Could joining an electric vehicle squad make me give up my bike?
On Saturday afternoon at Pier 15 a squad of 35 electric vehicle riders whiz past a pair of women enjoying the waterfront. "What is this, a flash mob?" they ask in disbelief. Kevin Grandon, riding an electric unicycle in padding that makes him look like a futuristic soldier, replies with a smile: "We're electric nerds!"
For a day, I became one of those nerds, joining the Bay Area Esk8 group on their Saturday social ride.
As an urban cyclist, electric skateboards, scooters, and unicycles zoom past me in the bike lane at speeds that would earn them a ticket in a school zone. I envy the power of their vehicles, but like many people, I have a knee-jerk distaste for Boosted Boards and the sci-fi one-wheelers. On my morning commute I've seen unicyclists and e-skateboarders on their phones, eating croissants, and with their hands in their pockets, making them a danger to not just themselves, but cyclists.
Still, the speed and convenience of these vehicles tempts me. Should I convert? I hoped an afternoon joyride would help me find out.
The Esk8 group hosts full unicycle training sessions, but I opted for a crash course (figuratively and literally). Spoiler alert: Unicycling requires more than 10 minutes to learn. I barely made it 10 feet. So instead, I borrowed a Dualtron Thunder scooter.
Little did I know that this was like learning to drive in a Ferrari. Imagine a Bird scooter, but with shock-absorbing suspension and three times the speed. I maxed out at 31mph, but with the second motor engaged, it's capable of hitting 50. I sliced through the foggy afternoon, swerving past cars along the Marina with unearned confidence, and even followed Grandon off-road onto a dirt path through the Great Meadow Park at Fort Mason.
The group traveled as a revelatory pack, unicyclists dancing in stride and skateboarders carving between lanes. They preach safety and require helmets, but stop signs were optional at best. "We try to be as law-abiding as possible, but when you've got 40 people, it's like trying to herd cats," says Sophia Tung, who founded the group with a few friends and surprisingly saw it boom to 1,800 members.
Most pedestrians reacted like those gawking ladies on the pier, in awe of the future tech and impressed enough to stop to take phone videos, but there were also plenty of hecklers. "Normal skateboarders hate us for some reason, we get a lot of backlash. But we're just out here having a good time," says electric skateboarder Jeremy Neal. Tung accounts the negativity to the association of electric vehicles with gentrification, but praises the diversity of the group (and the fact that one of the founding members is a native of The Mission).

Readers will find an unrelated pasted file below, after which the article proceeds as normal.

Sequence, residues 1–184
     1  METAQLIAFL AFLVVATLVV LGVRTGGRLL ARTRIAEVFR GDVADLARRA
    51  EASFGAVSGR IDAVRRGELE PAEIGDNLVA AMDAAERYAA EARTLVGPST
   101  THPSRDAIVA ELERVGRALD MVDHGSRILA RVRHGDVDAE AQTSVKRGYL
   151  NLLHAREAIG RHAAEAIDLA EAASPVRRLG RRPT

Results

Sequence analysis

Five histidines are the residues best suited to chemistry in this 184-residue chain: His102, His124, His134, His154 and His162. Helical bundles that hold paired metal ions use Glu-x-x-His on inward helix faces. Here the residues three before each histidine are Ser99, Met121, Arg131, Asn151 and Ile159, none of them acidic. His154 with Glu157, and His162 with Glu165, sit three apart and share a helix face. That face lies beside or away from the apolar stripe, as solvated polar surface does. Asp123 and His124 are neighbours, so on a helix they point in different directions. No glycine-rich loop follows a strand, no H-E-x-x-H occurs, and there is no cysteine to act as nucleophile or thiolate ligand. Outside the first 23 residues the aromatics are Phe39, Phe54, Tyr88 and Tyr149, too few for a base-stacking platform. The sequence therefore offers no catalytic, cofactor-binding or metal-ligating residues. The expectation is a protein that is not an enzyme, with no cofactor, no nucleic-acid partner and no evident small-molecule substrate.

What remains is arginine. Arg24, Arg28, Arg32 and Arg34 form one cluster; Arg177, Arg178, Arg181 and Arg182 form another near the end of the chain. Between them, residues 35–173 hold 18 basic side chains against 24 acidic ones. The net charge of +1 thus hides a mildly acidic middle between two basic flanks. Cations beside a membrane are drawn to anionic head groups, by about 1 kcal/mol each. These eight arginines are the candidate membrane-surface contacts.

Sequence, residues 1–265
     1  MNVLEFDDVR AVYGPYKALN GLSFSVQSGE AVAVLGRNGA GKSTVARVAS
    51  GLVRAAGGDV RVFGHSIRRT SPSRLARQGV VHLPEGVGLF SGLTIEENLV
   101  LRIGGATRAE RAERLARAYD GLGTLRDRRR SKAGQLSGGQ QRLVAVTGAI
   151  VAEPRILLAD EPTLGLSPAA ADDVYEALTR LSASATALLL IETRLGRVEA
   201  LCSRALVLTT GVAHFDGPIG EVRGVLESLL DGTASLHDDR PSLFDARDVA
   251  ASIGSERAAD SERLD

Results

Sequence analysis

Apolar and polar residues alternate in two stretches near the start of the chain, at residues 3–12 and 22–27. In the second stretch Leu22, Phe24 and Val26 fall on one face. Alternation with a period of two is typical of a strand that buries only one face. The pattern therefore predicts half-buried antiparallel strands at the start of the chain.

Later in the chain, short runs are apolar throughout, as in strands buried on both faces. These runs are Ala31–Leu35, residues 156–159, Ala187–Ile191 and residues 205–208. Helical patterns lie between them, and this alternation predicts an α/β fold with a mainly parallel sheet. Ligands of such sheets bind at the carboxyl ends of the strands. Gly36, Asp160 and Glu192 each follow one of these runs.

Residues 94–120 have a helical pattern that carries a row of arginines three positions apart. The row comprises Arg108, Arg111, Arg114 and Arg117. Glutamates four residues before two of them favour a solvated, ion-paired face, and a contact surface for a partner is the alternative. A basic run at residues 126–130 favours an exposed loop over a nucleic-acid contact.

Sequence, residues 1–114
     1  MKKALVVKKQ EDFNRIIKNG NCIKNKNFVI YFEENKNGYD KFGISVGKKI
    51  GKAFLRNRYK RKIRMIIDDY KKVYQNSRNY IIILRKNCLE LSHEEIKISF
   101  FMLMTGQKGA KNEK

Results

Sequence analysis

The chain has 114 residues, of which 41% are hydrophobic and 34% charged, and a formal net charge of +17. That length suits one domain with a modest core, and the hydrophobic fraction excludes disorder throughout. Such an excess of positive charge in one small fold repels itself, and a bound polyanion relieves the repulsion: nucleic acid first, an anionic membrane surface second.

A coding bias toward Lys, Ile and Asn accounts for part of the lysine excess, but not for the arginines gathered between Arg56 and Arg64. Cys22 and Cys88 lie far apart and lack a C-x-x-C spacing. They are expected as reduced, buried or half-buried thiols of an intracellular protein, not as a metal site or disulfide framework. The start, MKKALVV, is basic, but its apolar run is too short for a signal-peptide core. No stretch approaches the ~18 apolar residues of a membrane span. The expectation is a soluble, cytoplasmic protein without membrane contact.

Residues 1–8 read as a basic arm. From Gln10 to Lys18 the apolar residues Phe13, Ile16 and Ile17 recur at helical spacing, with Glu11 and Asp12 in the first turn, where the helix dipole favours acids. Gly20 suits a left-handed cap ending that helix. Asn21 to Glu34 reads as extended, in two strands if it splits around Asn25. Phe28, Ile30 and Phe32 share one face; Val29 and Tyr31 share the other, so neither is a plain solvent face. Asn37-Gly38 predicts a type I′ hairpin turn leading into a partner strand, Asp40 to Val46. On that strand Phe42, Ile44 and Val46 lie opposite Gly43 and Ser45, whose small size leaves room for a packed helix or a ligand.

I hate to say it, because the riders welcomed me with open arms, but I can see why electric nerds make for easy targets. When we stopped for snacks at a bar, the group sprawled their gear everywhere, unicycles and skateboards plugged into every outlet (they've tripped the breaker before). The place looked like a Fry's tent sale. I felt like I was listening to a different language as riders geeked over tech specs. Some even build their own DIY vehicles from raw components.
The most common topic of conversation by far was battery life. This isn't a concern for thigh-powered vehicles. It made me realize my favorite part of traditional cycling is self-reliance. Traversing a city with nothing more than the power of your legs gives a joy that speeding uphill at 20mph can't replicate. Furthermore, this led me to understand why I've always thought people riding electric vehicles look a bit lame. Aesthetically most of the vehicles look more sci-fi than San Francisco cool, other than the Rick and Morty skate deck (Pickle Rick!), but the more conceptual reason is because cyclists and skateboarders are working hard, and people exerting themselves look like badasses, while motorized riders just look like cheaters.
Is cheating fun? Sure: I didn't not like bombing hills, speeding through parks, and engaging my scooter's second turbo motor to speed up Twin Peaks through the fog at 20mph. And while I smiled ear to ear all day, the lingering takeaway is that these vehicles are for a very specific type of person. And that's not me.
It'd be worthwhile for any car driver to hop on one of these just to teach them how vulnerable riders are, but the fear factor riding inches from rear view mirrors will likely be a deal-breaker. Environmentally, there's no question e-vehicles are a net positive, but traditional bikes and skateboarders don't drain electricity.
You can certainly find an electric vehicle on the cheap, but the sticker shock is real (my Dualtron retails for $4k). Gear nerds and DIYers will love the customization and the cutting edge tech, but casual commuters will feel overwhelmed (although plenty of companies aim to change that). And the learning curve on the unicycles will weed out most people who don't want to treat their transportation like an action sport.
Maybe I also see electric vehicles as a threat. Cyclists already face condescension and disrespect from drivers, and while these esk8ers were courteous to everyone we passed, that's not always the case. More than once, I've been passed close enough so that if I leaned to the left to dodge a pothole, I'd be hit. Plus, cyclists rarely wear the same heavy padding as serious electric riders, meaning that in an accident, we'd be the ones paying the price. Plus, it just makes me sad to see technology making skateboarding and biking seem obsolete.
But when I brought up this last point with Tung, she quickly shut me down.
"If you're looking at it that way, you might as well say we should be sticking to horses."